Unravelling the mysteries of E3 ubiquitin ligase biology as a regulator of skeletal muscle in health and disease.

Research Opportunity
PhD students, Honours students, Master of Biomedical Science
Number of Honour Places Available
1
Number of Master Places Available
1
Primary Supervisor Email Number Webpage
A/Prof Paul Gregorevic pgre@unimelb.edu.au Personal web page

Summary Skeletal muscle is essential for survival. Not only is muscle the vital organ for movement but the diaphragm muscle sustains life by inflating the lungs for breathing. Skeletal muscle is also an endocrine organ that contracts and releases hormones and factors that communicate with other body tissues to sustain life.

Project Details

Skeletal muscle is essential for survival. Not only is muscle the vital organ for movement but the diaphragm muscle sustains life by inflating the lungs for breathing. Skeletal muscle is also an endocrine organ that contracts and releases hormones and factors that communicate with other body tissues to sustain life. Skeletal muscle accounts for half a person’s body mass yet we take for granted its crucial role in our health and lifestyle. Many diseases and conditions are linked with changes in muscle structure and function, including: ageing and frailty; cancer; muscle injury, sepsis and other forms of metabolic stress; nerve injury; disuse through inactivity and microgravity; burns; and different forms of muscular dystrophy. These conditions are major health problems globally and contribute to a large burden of disability and suffering. Tackling these muscle-related health conditions requires a coordinated research effort from discovery biology to understand disease mechanisms and translational approaches to take these discoveries from bench to the clinic. Researchers in the Centre for Muscle Research seek to understand the mechanisms that regulate muscle growth, wasting and metabolism, and to develop new approaches for preventing or treating muscle related conditions, utilising the latest techniques in biology and biomedicine. We also consider skeletal muscle in the context of other diseases, such as heart and cardiovascular diseases, cancer and osteoporosis. We are interested in understanding muscle development and growth, injury and repair, studying the biology and metabolism of muscle stem cells and their commitment to becoming functional muscle fibres. Our researchers design, manufacture and utilise viral vectors to alter gene expression in mouse models of disease and interrogate cellular mechanisms of muscle adaptation, techniques that provide a unique combination of speed, precision and efficacy not achieved through other approaches. The Centre for Muscle Research offers a wonderful training environment for studying muscle biology in health and disease and exceptional career-training opportunities for Honours, Masters and Ph.D. students.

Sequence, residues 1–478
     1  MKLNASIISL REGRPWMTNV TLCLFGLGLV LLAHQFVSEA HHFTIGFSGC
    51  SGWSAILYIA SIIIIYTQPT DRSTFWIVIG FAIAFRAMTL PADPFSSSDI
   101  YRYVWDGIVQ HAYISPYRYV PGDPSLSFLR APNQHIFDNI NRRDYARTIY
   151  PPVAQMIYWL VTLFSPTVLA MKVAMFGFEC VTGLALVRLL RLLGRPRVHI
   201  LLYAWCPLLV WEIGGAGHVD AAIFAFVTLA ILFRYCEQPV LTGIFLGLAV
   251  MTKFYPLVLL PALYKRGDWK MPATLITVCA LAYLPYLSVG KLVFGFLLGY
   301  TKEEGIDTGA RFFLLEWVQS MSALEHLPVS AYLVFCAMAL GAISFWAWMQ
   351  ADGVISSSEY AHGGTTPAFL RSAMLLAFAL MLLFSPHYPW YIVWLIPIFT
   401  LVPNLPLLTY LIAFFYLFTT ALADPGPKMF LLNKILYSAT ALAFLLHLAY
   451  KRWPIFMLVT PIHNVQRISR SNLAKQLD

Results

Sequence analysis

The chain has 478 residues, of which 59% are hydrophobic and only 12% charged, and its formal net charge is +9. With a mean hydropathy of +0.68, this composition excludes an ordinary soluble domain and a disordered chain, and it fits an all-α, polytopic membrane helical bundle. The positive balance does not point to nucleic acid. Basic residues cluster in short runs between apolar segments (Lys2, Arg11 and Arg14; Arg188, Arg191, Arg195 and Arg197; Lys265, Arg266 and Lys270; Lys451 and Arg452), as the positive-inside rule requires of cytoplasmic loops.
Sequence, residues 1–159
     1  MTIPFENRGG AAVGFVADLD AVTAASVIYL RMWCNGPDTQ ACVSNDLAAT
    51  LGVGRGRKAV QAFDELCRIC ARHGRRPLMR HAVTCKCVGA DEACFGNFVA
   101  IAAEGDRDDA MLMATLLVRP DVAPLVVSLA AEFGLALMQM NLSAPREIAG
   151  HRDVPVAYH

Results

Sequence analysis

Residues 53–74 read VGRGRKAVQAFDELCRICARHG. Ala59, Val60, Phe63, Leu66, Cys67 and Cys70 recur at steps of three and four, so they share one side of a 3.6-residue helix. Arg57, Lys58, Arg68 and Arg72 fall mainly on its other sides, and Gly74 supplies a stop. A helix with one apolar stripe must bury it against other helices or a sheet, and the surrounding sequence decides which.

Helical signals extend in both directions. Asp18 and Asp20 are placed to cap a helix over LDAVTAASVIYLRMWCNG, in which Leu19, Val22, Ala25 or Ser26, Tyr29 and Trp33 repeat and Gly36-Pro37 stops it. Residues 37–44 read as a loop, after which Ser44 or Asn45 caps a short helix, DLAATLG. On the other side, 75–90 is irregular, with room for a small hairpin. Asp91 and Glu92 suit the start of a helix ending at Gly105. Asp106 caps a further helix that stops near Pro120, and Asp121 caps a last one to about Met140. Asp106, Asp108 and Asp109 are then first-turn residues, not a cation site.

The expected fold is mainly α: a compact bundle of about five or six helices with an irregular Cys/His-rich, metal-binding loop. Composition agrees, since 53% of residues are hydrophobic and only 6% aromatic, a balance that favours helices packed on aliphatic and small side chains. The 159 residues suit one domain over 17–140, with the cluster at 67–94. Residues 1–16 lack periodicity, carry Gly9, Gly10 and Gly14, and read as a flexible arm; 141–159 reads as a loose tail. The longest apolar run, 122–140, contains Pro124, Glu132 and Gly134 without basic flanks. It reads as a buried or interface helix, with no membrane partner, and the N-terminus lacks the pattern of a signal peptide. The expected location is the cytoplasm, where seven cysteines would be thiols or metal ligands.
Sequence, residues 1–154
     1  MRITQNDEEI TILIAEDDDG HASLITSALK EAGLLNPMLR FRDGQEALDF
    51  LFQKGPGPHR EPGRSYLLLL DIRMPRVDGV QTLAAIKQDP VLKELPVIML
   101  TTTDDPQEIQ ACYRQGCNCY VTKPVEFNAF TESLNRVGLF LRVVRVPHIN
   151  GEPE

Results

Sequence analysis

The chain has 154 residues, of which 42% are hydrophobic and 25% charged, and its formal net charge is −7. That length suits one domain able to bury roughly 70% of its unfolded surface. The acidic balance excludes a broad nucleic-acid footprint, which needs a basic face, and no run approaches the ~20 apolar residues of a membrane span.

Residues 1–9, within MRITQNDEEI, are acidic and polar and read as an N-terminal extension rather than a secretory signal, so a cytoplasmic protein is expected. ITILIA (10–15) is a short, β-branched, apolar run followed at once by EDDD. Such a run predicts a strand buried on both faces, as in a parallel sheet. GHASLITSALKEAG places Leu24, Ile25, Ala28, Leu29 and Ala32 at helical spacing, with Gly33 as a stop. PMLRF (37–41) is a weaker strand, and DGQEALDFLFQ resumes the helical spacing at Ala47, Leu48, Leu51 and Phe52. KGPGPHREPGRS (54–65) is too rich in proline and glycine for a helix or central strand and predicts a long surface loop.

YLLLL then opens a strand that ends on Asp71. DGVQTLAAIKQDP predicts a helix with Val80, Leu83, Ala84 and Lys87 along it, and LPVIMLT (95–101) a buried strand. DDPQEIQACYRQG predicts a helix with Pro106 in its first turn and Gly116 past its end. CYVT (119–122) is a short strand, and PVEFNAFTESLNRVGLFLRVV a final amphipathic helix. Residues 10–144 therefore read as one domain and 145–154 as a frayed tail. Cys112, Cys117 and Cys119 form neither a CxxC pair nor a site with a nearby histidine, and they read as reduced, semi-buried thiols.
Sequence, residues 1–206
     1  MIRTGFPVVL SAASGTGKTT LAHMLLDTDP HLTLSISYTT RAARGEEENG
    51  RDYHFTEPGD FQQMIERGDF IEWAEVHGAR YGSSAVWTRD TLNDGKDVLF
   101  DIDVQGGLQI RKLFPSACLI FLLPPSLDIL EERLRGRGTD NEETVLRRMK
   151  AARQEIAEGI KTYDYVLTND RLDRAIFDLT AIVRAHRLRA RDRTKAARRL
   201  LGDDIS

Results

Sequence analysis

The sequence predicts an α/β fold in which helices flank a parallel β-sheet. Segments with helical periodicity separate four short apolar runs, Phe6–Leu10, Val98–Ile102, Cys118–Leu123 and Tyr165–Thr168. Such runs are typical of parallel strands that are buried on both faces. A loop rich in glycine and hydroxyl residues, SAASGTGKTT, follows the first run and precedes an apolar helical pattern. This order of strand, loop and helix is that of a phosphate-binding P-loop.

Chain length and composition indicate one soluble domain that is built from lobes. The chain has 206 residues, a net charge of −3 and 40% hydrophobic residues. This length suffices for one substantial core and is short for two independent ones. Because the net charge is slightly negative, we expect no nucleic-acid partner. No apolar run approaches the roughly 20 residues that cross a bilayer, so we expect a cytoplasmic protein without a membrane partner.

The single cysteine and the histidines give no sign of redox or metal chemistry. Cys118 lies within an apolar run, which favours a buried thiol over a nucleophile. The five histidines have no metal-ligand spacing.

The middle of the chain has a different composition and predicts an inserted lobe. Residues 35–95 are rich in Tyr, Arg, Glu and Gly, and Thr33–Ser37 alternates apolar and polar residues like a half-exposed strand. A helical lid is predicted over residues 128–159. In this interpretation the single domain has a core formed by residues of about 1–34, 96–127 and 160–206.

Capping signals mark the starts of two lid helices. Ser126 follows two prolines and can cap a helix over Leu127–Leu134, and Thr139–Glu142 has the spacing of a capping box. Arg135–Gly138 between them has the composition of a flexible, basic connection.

Regulation of muscle size and function impacts on all aspects of human health and well-being. From performance on the sports-field, to regulation of whole-body metabolism, and independence in aging. A large family of genes known as E3 ubiquitin ligases are paramount in regulation of muscle homeostasis. Changes in the activity of specific members can provoke muscle frailty and wasting, whilst others promote growth and function. Skeletal muscle expresses over 250 E3 ubiquitin ligases, yet only a handful have been characterised. This research program is investigating which E3 ligases have important functions in muscle health and disease. The projects focus on charting novel E3 ubiquitin ligases, understanding how they regulate muscle size and function, and developing therapeutically relevant methods to control their activity. 




Research Opportunities

PhD students, Honours students, Master of Biomedical Science
Students who are interested in joining this project will need to consider their elegibility as well as other requirements before contacting the supervisor of this research

Graduate Research application

Honours application

Key Contact

For further information about this research, please contact a supervisor.


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